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Local Governments and School Districts Blog

Milwaukee’s Ordinance on Residency Remains Enforceable

Authored by Ruder Ware Attorneys
Posted on July 23, 2015
Filed under Local Governments and School Districts

The Wisconsin Court of Appeals ruled on July 21, 2015, that the City of Milwaukee’s ordinance requiring all city employees to live within the City of Milwaukee remains enforceable and is not superseded by a state statute abolishing local residency requirements.  The statute, Wis. Stat. §66.0502, became effective July 2, 2013, and prohibits local governments from enacting and enforcing residency requirements as a condition of employment, except for law enforcement, fire, or emergency personnel who could be required to reside within fifteen miles of the boundaries of a municipality. 

The appellate court agreed with the City of Milwaukee’s position that the statute violates the Wisconsin Constitution’s home rule amendment.  The home rule amendment provides that any state law must yield to a city or village law unless it involves a matter of statewide concern and it affects every city or village uniformly.  The court found that there was insufficient evidence in the record to conclude that the state law was drafted with municipalities in mind other than Milwaukee.  Because of the evidence and legislative drafting focus on Milwaukee, the court held that the state law did not involve a matter of statewide concern.  As to uniformity, the court noted while the statute does not single out any particular municipality, it will have an unusually large-sized impact on the City of Milwaukee.  Regardless of the statute’s language, the court concluded the evidence shows that only Milwaukee will be deeply and broadly affected.  Therefore, the court found that the statute does not meet the uniformity requirement.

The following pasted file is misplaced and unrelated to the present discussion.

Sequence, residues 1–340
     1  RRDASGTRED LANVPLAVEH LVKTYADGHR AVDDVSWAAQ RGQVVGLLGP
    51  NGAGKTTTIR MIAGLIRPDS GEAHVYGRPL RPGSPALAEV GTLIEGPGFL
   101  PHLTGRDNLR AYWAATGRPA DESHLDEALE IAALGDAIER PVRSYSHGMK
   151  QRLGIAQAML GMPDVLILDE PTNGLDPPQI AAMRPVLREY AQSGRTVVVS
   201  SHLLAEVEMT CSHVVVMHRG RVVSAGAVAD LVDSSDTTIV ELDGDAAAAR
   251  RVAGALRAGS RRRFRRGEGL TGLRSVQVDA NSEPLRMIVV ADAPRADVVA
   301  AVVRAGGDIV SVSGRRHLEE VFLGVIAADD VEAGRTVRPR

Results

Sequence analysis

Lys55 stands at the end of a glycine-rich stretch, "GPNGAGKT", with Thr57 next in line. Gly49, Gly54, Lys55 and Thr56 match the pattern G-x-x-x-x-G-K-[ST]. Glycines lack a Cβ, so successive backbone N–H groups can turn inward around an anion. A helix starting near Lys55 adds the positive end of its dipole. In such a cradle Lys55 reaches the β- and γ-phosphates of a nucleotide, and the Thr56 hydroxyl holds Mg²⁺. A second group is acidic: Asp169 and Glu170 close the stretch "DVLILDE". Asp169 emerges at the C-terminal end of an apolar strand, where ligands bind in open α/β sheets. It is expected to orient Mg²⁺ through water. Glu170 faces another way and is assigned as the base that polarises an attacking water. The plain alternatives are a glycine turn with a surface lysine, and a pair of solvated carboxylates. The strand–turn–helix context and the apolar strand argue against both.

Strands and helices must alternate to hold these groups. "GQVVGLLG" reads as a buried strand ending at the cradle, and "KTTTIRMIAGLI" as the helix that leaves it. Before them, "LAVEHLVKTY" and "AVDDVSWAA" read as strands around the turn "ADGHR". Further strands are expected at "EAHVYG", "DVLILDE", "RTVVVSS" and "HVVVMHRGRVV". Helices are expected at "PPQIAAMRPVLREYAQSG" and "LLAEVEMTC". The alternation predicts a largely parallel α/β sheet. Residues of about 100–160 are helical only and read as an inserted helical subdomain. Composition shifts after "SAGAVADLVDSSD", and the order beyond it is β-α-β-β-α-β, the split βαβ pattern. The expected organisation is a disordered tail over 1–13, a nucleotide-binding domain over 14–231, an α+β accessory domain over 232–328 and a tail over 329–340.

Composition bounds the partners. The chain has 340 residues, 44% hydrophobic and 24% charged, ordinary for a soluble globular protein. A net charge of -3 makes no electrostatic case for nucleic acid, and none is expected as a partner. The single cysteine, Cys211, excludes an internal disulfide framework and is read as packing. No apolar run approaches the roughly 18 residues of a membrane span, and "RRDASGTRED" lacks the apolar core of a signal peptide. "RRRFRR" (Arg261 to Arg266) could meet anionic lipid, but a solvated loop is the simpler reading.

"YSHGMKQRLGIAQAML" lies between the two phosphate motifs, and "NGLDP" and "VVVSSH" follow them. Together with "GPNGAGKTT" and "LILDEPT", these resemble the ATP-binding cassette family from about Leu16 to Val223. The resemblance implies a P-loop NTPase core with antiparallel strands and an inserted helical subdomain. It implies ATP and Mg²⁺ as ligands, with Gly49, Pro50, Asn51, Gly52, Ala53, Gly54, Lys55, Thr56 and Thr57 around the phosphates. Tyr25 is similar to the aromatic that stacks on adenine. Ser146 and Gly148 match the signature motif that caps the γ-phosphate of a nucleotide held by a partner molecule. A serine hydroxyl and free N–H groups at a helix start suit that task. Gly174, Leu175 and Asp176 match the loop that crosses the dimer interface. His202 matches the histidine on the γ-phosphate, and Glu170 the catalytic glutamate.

This decision applies to the City of Milwaukee’s residency requirements.  It leaves open whether other cities or villages can rely on this decision to adopt a residency ordinance.  According to one media report, a petition for review to the Wisconsin Supreme Court is anticipated.